Well, hello! How was your weekend? We in New England had a lovely spring snowstorm overnight. I’ve had about 5 inches so far, I guess. But luckily, this time of year, it will melt quickly.
Meanwhile, my little RoyRoy ushered in spring with a strange limp that caused me to bring him to the emergency vet yesterday. We were out walking, all was fine, then he started kind of lumbering along. Not sure yet what’s up, he was running a slight fever and had a tenderness in his left shoulder. Could be just a strain. They’re testing for Lyme disease since joint pain and fever are symptoms. We’ll hear later today. He seems fine today however, so that’s good.
So, I made a Springtime resolution that this year, I’m going to make a concerted effort to visit some, if not all, of the historic house museums operated by Historic New England. Okay, well, there are thirty-eight properties across the six New England states, so maybe I’ll start by focusing on the twenty-one here in Massachusetts, of which I’ve been to four. So, now, my list is seventeen!
I thought I’d start off with a “virtual” tour of Beauport, the Sleeper-McCann house in Gloucester, MA. Built in 1907 by one of America’s first interior designers, Henry Davis Sleeper, Beauport looks as if it grew out of the rocks overlooking Gloucester Harbor.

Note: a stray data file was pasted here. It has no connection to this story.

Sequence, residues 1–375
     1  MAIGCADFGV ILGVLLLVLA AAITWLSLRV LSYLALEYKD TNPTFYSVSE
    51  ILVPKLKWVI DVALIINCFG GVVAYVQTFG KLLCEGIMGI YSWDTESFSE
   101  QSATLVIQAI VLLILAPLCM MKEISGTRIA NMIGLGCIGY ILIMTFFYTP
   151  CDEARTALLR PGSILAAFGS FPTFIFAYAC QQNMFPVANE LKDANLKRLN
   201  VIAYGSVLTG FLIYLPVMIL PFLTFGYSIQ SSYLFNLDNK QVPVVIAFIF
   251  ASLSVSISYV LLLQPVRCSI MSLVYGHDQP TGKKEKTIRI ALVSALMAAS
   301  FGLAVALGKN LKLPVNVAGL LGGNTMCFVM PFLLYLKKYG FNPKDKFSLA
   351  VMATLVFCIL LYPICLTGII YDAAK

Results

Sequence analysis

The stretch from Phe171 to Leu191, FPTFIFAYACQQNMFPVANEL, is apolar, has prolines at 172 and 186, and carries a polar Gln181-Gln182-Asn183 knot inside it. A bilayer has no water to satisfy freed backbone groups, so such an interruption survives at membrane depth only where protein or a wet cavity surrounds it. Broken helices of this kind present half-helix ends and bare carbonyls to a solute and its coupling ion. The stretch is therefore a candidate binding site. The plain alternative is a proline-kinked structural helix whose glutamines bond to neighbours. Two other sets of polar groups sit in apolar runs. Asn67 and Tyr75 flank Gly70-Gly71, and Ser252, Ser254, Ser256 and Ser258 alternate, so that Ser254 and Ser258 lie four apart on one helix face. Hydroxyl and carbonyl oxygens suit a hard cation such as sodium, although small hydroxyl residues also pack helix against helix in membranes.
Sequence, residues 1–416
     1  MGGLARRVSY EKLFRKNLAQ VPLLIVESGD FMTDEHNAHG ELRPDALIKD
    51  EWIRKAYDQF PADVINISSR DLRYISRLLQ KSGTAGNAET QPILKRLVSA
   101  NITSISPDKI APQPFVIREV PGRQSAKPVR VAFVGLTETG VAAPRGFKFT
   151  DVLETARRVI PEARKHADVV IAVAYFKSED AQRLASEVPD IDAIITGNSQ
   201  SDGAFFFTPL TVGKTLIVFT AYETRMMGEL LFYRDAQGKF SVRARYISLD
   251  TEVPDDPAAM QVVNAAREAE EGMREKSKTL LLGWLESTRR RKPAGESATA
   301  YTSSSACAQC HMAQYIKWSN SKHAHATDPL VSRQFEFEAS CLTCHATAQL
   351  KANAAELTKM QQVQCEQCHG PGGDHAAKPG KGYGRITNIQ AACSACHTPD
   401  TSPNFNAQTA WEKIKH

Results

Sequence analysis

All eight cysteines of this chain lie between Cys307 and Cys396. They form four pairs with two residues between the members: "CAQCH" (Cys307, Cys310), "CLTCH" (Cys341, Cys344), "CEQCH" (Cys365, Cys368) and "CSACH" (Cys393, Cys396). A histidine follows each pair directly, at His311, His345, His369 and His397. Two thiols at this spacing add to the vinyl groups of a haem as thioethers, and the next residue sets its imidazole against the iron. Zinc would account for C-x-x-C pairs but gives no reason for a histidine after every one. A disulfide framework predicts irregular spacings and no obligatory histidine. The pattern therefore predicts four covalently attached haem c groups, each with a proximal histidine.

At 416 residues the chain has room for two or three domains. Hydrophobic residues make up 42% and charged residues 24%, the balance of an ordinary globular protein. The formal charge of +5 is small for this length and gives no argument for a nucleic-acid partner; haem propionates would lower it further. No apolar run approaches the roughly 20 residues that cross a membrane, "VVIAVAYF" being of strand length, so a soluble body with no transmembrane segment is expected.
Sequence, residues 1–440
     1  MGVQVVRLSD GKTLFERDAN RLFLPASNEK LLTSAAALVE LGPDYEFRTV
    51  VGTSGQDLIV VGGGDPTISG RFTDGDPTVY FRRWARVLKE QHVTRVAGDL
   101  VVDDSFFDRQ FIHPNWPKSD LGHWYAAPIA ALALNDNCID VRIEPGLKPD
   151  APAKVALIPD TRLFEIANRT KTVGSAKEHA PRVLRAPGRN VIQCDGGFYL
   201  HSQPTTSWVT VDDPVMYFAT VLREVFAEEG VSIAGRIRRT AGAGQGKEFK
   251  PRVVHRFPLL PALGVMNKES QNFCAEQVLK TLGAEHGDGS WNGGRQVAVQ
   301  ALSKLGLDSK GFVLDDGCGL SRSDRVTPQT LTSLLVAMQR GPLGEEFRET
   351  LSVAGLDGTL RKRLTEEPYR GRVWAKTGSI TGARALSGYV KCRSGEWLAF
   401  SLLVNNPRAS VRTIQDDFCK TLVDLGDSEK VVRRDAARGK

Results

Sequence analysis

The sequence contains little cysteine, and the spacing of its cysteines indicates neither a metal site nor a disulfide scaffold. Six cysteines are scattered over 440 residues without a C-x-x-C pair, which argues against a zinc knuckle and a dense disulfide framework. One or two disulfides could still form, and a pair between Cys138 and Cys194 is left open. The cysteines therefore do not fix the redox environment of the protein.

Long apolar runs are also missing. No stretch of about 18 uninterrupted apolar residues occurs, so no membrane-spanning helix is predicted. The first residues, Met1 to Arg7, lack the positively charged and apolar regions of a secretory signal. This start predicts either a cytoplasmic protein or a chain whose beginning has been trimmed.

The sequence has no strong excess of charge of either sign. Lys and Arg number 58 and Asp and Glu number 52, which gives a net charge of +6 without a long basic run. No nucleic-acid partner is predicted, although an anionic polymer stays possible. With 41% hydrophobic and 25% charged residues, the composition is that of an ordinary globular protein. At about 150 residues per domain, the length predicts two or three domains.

Beauport, the Sleeper-McCann House, was the summer home of one of America’s first professional interior designers, Henry Davis Sleeper. Perched on a rock ledge overlooking Gloucester Harbor, Beauport became Sleeper’s retreat, backdrop for entertaining, professional showcase, and an inspiration to all who visited. After Sleeper’s death, Beauport was purchased by Mr. and Mrs. Charles McCann, who left most of Sleeper’s arrangements and collections intact.
The interior and exterior of the house contain Sleeper’s lifetime collection of curiosities, colored glass, folk art, china, and silhouettes in every nook and alcove. Each of the forty rooms is distinguished by a historical or literary figure, theme, color, shape, or object. No two rooms are the same, with each more visually dazzling than the last. The house is framed by newly restored Arts and Crafts-style terraces that include intimate garden rooms with dramatic views of the harbor. (text courtesy of Historic New England)
I love the naturalistic quality of the grounds.
A view of Gloucester Harbor in summer – can’t wait for summer!
And now we venture inside to the Pine Kitchen, also known as The Pembroke Room. It looks like it pre-dates 1907 but that’s because Mr. Sleeper was a big fan of using architectural salvage which resulted in his interiors looking older than they were (well, they _were_ older, in fact!)